In my last post I outlined some of the exciting developments facing the sector.
The confluence of these issues presents an exciting if unknown future: how the generational shift, new technologies, the desire to build community across difference, the increasing permeability of the very concept of “nonprofit,” and the redefinition of the workplace will combine to transform the nonprofit sector.
I believe the next decade will bring new leaders, new technologies, new structures and new partnerships.
It will bring new, well-capitalized competitors, and some may be for-profit companies that crossover into the sector of traditional nonprofit work. It will also bring new donor demands for accountability and impact if nonprofits are to maintain their already-tenuous hold on identity as a sector and not just become under-capitalized competitors in an increasingly crowded and sector-blind blended economy.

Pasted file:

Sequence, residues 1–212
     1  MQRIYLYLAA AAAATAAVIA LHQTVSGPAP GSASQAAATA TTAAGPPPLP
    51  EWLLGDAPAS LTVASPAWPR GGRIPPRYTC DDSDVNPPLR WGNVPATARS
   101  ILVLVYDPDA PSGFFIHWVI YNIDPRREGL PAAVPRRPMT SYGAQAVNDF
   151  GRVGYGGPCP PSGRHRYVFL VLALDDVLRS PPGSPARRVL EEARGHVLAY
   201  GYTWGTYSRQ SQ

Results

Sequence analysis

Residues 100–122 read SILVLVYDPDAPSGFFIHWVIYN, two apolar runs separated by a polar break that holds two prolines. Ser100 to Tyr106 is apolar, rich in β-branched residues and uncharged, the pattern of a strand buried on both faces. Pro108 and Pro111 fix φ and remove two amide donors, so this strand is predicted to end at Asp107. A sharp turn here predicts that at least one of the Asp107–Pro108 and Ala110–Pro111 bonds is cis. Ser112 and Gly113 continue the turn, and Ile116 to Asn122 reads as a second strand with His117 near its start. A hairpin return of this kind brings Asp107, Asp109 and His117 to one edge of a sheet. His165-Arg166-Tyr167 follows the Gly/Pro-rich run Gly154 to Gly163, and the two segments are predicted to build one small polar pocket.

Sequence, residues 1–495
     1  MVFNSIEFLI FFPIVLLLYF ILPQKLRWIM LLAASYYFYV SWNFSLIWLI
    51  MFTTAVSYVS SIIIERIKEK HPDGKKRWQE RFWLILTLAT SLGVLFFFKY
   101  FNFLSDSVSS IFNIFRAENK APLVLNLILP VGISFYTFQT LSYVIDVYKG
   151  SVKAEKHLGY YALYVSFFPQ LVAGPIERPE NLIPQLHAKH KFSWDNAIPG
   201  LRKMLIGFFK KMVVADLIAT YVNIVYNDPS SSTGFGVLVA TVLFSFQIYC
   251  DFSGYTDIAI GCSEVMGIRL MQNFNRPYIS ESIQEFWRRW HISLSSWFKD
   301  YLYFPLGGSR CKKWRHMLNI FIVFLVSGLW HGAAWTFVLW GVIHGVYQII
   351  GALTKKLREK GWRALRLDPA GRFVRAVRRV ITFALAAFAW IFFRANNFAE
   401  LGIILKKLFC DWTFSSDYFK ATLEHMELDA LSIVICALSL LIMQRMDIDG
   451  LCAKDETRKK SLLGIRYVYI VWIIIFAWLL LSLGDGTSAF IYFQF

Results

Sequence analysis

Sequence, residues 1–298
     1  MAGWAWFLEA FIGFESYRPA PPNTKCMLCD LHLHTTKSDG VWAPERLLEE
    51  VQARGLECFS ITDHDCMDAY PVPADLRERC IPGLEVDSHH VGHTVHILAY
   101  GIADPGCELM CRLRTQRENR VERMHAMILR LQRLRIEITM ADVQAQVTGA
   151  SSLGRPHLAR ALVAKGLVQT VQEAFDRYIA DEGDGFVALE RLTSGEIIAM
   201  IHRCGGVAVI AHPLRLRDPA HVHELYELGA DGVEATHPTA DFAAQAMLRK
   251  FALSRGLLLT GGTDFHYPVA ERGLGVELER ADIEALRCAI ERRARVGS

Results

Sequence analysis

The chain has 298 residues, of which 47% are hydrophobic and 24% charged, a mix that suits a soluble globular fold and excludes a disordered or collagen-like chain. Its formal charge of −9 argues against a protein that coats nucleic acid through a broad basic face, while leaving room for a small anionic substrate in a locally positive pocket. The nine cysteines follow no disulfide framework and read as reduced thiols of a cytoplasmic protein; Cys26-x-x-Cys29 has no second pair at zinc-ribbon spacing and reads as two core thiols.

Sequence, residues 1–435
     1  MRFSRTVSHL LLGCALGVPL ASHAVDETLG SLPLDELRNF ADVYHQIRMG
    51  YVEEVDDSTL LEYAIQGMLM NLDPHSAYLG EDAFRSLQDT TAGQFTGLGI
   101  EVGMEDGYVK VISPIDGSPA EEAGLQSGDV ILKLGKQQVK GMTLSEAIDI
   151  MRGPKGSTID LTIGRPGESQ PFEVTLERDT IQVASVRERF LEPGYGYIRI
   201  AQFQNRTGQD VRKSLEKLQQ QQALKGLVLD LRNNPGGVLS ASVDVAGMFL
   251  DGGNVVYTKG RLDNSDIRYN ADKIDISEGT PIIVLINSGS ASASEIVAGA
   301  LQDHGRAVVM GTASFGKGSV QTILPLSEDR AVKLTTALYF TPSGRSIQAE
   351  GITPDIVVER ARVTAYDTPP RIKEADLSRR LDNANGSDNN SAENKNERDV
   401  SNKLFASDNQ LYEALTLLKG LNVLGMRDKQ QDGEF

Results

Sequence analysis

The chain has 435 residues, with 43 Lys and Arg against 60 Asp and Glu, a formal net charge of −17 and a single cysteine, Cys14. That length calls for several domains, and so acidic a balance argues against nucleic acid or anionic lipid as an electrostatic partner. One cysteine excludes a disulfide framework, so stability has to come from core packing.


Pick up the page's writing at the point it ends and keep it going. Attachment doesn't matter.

One key to success in this environment will be a collective rethinking of what it means to be an organization, what we mean by “workplace,” and what it means to both compete and partner across many permeable boundaries.
This transformation will not be optional.
Just as the days have largely passed when nonprofits were viewed as “charities” or volunteer auxiliaries led by do-gooders, so too will the current conceptualization of nonprofits as “institutions” and perhaps even as “organizations” give way.
Many nonprofits will instead become known as their brands and will operate through networks.
Even those that maintain institutional cohesion will be organized to a far greater degree around shifting coalitions, online activism, a mobile workforce or perhaps even volunteers whose day jobs are in completely unrelated fields.
In this changing world the current modes which foundations use to advance their missions, and the traditional approaches used by capacity builders, will fall far short.